Chaco Culture Navajo Origins

Chaco Culture National Historical Park preserves one of America’s most significant and fascinating cultural and historic areas.

Chaco Canyon was a major center of ancestral Puebloan culture between AD 850 and 1250. It was a hub of ceremony, trade, and administration for the prehistoric Four Corners area – unlike anything before or since.

Chaco is remarkable for its monumental public and ceremonial buildings, and its distinctive architecture. To construct the buildings, along with the associated Chacoan roads, ramps, dams, and mounds, required a great deal of well organized and skillful planning, designing, resource gathering, and construction. The Chacoan people combined pre-planned architectural designs, astronomical alignments, geometry, landscaping, and engineering to create an ancient urban center of spectacular public architecture – one that still amazes and inspires us a thousand years later.

The Chacoan cultural sites are fragile and irreplaceable and represent a significant part of America’s cultural heritage. The sites are part of the sacred homeland of Pueblo Indian peoples of New Mexico, the Hopi Indians of Arizona, and the Navajo Indians of the Southwest, all of whom continue to respect and honor them.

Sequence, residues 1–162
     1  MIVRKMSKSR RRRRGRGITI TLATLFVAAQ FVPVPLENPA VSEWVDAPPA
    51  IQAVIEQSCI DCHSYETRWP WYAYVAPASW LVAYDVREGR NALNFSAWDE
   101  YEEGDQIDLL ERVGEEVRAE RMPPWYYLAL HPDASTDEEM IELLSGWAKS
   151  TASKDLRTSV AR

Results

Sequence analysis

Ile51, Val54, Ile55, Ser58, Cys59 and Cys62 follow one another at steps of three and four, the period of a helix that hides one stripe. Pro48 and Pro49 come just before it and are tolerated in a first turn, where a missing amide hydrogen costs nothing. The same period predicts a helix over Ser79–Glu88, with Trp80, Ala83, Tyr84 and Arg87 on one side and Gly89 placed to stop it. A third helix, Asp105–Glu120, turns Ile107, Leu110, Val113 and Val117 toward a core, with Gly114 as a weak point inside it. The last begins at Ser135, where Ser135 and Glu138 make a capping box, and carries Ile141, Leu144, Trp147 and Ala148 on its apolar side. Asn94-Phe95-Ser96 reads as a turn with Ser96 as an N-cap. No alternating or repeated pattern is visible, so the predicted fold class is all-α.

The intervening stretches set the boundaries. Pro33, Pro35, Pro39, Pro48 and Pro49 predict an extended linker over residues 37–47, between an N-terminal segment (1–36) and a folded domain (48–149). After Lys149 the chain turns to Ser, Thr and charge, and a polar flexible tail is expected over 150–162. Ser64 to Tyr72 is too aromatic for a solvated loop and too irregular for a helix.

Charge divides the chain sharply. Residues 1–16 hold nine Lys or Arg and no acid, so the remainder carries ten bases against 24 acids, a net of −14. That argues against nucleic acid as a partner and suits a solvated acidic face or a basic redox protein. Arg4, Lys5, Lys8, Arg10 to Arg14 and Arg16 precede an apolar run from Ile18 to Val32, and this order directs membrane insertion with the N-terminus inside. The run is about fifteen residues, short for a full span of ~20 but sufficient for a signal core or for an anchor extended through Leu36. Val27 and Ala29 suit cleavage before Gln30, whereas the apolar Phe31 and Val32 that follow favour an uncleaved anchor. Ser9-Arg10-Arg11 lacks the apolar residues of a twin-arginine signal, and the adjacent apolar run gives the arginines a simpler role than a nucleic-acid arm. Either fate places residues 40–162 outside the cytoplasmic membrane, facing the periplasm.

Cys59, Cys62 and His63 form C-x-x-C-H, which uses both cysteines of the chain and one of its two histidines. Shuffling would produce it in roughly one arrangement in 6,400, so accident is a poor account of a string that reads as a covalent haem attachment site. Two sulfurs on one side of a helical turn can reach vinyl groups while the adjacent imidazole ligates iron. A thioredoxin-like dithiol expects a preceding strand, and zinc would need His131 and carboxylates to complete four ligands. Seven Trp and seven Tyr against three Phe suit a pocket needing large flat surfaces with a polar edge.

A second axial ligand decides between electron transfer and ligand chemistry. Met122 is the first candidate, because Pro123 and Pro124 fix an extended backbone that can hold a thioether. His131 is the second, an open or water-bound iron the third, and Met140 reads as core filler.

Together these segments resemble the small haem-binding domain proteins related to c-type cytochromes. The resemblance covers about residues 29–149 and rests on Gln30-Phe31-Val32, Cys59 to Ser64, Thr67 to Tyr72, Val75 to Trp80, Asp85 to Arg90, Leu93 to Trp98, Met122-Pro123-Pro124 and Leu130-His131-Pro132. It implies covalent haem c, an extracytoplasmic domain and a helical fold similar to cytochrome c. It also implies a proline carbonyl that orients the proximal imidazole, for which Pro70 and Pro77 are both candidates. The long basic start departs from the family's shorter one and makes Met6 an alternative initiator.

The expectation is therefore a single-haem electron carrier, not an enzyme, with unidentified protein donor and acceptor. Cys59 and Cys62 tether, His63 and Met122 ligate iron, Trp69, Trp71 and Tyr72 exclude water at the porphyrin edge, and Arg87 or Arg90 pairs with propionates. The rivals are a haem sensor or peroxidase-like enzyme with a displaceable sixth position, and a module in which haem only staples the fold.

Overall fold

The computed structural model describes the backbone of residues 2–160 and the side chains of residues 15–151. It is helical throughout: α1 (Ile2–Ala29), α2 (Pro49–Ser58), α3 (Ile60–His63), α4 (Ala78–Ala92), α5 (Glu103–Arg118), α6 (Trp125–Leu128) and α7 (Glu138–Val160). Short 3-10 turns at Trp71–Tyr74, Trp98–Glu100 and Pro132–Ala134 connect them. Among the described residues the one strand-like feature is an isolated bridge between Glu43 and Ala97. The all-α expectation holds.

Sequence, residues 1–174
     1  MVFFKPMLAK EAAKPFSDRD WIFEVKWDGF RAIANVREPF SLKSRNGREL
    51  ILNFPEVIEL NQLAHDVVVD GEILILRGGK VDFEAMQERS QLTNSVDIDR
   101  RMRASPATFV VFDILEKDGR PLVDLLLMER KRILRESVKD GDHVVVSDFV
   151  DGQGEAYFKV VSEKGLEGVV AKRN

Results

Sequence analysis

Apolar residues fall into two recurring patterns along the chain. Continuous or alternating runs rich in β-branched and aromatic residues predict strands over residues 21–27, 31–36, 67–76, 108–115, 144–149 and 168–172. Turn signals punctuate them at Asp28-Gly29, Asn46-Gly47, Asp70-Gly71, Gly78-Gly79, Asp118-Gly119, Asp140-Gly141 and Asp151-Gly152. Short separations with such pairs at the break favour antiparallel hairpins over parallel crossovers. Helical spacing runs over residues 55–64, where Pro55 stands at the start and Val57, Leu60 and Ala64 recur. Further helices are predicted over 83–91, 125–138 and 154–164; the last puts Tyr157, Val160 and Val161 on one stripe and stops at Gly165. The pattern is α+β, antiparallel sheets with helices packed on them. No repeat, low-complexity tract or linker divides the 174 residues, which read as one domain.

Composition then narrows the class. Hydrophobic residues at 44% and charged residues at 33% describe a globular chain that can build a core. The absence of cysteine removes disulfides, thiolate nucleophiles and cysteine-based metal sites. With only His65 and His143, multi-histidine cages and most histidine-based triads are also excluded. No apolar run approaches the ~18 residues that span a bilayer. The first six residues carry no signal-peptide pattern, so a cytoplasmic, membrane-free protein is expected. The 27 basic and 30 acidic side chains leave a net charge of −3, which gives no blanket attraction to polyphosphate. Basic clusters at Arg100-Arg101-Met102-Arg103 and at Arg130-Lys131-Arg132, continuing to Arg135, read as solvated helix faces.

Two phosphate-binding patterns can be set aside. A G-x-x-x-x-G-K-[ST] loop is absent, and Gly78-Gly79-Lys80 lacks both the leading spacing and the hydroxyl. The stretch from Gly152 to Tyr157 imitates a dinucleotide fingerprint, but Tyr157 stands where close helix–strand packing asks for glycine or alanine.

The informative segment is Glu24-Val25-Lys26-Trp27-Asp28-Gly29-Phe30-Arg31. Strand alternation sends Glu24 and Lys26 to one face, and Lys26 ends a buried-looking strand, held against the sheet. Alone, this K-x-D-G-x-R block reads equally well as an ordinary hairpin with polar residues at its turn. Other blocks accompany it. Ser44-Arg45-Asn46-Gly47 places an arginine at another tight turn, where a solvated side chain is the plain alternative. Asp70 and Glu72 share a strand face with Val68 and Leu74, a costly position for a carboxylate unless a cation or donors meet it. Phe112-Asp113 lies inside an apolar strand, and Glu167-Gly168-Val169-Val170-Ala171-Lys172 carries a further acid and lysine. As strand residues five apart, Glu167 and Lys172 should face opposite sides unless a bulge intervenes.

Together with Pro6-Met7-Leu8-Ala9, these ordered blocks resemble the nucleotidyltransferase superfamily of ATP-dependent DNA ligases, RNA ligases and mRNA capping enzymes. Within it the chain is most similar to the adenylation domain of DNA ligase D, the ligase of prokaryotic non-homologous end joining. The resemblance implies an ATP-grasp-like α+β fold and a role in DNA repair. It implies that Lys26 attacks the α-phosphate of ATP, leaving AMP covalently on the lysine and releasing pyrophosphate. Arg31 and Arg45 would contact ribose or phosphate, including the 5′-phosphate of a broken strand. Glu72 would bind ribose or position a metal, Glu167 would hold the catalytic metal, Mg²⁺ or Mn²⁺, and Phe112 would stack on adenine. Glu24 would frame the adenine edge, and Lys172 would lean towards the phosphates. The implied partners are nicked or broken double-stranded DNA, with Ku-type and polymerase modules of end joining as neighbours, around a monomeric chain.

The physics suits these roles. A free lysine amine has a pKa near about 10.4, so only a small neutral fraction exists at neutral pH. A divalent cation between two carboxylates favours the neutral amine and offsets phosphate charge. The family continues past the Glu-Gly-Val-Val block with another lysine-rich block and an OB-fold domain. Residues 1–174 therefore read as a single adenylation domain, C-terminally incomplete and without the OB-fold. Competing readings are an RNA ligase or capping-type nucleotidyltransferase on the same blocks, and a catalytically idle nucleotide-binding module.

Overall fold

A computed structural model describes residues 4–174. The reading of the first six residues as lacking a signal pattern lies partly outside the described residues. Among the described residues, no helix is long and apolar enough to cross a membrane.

Chaco Culture National Historical Park is a very special place. Remote and isolated, it offers few amenities, so come prepared. You will find that the rewards are unlimited.

The extensive Chacoan road system is impressive. More than 400 miles of prehistoric roadway have been identified. This system connected Chaco to outlying communities and resource areas. It also provided connections between outlying communities. Some segments appear to lack a recognizable destination. One of the longest identifiable road segments of road headed north, leading to the prehistoric communities of Salmon and Aztec.

These roads were not simple trails worn by centuries of foot travel. They were engineered and planned, and represent a significant amount of labor investment in their construction and maintenance. Their function may have been more than utilitarian. There is a growing consensus among archeologists that the road features may directly reflect the pueblo world view.

The most elaborate road construction occurs near the great houses, where double and quadruple road segments have been found. These segments may relate to ritual and ceremony. The prehistoric road system facilitated communication between communities and assisted in the transportation of goods. It also provided a means for bringing the culture together through its relation to the social organization and cosmography of these ancient people.

This amazing Anasazi city is one of North America’s oldest settlements. Though abandoned centuries ago, the architecture and engineering of the Chaco ruins inspire awe. By the dawn of the 11th century Pueblo Bonito, one of the park’s signature structures, had reached a height of four stories and contained more than 600 rooms. Mysteriously, sometime during the 11th century the Anasazi abandoned Chaco Canyon; many scholars think an extended drought forced resettlement. Chaco Canyon is a “primitive” park, accessible only by dirt road and with few traveler services. Self-guided tours are explained at the Visitor Center.

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